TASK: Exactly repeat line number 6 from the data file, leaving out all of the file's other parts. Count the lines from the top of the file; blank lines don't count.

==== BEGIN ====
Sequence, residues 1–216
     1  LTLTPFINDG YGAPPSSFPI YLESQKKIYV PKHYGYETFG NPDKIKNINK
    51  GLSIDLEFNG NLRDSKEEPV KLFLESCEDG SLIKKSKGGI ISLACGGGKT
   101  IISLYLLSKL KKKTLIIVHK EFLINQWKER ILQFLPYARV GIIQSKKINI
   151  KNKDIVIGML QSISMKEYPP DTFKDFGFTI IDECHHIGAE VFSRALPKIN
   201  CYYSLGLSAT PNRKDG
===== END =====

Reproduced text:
   201  CYYSLGLSAT PNRKDG